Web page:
Logos are dead (Part 1)
Logo Design Love: Logos are dead
To put a semantic perspective on the issue, the signifier is dead but the signified isn't.
The term 'logo' has run its course, it cannot adequately describe the role of the primary mark of a brand. The primary mark of a brand cannot 'carry' the entire brand experience but can serve to 'cue' the entire experience.
A declaration of the death of the logo should be viewed against this idea and not against headline grabbing trickery. Logos are not dead. Instead, how we handle the underlying material of the 'logo' and what we expect of that material has changed, and this needs to be better reflected in the terms used to describe the value of this material. Logos are not so easily dismissed.
Every single mark of an identity is a symbol that assists in describing the experience of that identity. What varies between these symbols is the role they play and the extent to which they contribute to the overall experience. There will always be instances where there is limited space, where only a single representative of an experience can be accommodate. If the key idea of the experience is not sufficiently cued the opportunity is wasted and greater efforts are required elsewhere.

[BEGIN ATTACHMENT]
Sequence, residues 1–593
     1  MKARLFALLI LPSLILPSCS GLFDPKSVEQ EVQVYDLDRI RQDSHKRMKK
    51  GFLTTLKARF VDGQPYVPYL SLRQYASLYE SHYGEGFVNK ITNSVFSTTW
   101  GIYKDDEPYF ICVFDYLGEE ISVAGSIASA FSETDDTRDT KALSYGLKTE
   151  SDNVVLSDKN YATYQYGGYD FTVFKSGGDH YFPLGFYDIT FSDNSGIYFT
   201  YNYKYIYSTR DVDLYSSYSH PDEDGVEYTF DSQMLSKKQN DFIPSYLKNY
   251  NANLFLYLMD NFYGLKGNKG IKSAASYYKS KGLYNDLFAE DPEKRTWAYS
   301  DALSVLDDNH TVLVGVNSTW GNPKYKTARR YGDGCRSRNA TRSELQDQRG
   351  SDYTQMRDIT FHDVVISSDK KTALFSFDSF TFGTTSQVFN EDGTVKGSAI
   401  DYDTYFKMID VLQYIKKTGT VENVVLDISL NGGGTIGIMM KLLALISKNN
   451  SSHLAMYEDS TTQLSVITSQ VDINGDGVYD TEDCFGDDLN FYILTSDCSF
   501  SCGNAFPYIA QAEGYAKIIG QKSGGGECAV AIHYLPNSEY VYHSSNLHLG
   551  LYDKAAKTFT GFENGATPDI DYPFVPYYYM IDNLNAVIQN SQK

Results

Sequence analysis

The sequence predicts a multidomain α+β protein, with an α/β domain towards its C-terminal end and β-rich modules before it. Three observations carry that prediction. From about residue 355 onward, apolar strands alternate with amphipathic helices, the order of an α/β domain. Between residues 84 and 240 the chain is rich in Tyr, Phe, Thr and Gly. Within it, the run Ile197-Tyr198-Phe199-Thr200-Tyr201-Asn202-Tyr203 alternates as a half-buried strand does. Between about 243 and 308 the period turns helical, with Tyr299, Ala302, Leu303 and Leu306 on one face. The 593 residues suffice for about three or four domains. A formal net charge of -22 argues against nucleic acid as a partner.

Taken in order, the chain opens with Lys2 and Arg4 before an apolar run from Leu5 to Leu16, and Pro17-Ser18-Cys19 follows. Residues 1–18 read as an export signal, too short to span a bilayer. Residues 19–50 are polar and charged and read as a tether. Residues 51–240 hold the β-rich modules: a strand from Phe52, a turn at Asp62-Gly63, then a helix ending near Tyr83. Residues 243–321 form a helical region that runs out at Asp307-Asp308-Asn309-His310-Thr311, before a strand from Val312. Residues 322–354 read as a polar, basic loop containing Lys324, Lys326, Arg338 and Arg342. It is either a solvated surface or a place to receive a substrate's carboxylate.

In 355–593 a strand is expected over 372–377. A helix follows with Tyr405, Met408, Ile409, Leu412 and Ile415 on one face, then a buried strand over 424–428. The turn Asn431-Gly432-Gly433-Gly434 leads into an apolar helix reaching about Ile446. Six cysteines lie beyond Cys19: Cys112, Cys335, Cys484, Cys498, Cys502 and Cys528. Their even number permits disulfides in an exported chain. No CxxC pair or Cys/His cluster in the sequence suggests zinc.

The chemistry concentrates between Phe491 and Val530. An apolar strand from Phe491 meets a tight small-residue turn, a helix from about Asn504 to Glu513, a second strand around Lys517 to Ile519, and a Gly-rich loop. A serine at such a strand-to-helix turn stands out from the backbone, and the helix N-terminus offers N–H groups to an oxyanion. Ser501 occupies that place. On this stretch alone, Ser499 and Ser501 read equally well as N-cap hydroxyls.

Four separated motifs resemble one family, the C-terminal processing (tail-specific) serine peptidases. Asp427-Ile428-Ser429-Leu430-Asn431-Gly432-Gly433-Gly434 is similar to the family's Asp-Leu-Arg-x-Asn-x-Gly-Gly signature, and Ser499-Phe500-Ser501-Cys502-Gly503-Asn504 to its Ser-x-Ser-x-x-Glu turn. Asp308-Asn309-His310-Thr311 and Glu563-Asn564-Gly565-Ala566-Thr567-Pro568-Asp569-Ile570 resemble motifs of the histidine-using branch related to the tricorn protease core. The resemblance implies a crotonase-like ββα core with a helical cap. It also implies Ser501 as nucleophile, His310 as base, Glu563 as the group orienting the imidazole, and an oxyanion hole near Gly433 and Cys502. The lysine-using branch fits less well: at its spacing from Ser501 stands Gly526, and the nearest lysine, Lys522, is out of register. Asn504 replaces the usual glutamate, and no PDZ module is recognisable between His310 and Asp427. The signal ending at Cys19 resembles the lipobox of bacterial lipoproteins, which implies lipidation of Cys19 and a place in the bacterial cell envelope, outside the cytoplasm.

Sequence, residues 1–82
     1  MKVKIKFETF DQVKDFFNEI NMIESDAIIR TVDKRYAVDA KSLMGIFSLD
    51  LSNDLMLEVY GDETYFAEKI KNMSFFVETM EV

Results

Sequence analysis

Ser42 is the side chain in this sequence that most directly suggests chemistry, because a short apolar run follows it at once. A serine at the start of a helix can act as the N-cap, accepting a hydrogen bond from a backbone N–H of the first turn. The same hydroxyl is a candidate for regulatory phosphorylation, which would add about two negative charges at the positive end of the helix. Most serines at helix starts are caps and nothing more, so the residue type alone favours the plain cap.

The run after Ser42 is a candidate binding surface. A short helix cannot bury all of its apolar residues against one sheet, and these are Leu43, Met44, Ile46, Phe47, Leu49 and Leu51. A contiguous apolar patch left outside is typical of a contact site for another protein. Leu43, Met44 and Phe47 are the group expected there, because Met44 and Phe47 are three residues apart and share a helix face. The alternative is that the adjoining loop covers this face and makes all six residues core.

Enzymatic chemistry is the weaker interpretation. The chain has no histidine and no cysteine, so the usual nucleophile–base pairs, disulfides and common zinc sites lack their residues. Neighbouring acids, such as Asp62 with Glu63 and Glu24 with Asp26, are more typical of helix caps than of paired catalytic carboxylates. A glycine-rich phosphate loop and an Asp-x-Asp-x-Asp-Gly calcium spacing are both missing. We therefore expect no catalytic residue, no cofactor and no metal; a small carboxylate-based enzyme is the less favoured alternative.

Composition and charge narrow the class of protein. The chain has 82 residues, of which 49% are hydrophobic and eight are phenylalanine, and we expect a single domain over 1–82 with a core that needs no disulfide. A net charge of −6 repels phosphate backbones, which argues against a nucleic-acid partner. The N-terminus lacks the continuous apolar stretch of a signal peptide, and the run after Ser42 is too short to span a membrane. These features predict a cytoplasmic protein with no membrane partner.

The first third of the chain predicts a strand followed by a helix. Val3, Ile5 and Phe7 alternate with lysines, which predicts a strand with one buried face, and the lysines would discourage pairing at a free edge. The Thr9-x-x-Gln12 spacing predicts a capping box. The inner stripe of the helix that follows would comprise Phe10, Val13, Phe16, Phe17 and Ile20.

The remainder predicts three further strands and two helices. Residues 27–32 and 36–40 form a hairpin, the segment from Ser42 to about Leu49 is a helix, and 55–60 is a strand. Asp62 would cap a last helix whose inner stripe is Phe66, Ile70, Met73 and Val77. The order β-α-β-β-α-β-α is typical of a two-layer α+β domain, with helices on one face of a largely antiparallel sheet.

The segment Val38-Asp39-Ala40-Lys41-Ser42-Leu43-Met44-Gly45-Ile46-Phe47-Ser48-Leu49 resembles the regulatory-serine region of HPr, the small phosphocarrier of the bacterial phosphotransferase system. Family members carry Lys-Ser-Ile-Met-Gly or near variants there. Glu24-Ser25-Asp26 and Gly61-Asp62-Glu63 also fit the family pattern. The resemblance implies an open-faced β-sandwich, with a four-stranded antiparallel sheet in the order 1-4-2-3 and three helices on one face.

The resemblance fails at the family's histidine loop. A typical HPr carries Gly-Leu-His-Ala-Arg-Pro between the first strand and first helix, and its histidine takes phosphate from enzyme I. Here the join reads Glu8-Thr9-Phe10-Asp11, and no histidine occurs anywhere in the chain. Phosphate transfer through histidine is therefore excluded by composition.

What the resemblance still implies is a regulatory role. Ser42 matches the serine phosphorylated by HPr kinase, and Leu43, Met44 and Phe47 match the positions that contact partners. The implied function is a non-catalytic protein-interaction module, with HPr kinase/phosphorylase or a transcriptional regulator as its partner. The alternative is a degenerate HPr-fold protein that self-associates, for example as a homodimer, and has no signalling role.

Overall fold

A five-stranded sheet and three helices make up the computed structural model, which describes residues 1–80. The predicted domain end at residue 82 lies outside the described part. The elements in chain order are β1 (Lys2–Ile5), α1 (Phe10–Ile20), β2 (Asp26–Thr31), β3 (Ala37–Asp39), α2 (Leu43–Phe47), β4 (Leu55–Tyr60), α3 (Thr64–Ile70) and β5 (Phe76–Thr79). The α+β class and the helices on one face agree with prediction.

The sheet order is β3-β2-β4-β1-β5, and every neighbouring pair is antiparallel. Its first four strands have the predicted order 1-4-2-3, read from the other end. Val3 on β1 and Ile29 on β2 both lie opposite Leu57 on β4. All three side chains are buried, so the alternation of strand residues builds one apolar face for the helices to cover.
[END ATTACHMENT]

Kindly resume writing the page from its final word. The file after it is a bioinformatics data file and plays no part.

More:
To have a discrete visual symbol in a primary brand mark makes sense if the ideas behind the brand warrant such a symbol. It is quite clear that Apple, Nike and Audi cue powerful experiences with their visual symbols. Other examples are not hard to find. A blanket statement stating that a symbol is a waste of time is itself a waste of time and undeserving of further contemplation.
The linguistic and conceptual contortions embedded in the thinking of brands in terms of logos demonstrates the limit of a type of language used to grasp brands. I believe the world is ripe for a new type of language that determines and coordinates identity experiences using 'brand marks'.
Symbols evoke experiences beyond what can be classified or thought. A symbol is evocative when it enables people to intervene in the world more effectively. It evokes this 'effectiveness'.
The world is made up of the things of life and so the symbols of these things have emotional, intellectual, social, spiritual and physical aspects to them. In this sense they can be seen to be 'living'. What varies between symbols is the depth and richness of the experiences they evoke.
A 'living logo' doesn't necessarily mean a literally animated logo, one that literally moves but one that moves 'the world' or 'a world' in other ways. A 'living logo' is a representative of a purposeful and animated brand, a brand that 'lives' and 'animates' through it's various marks. All of these types of marks can be identified as symbols with various purposes, moving the world in different ways and to varying degrees.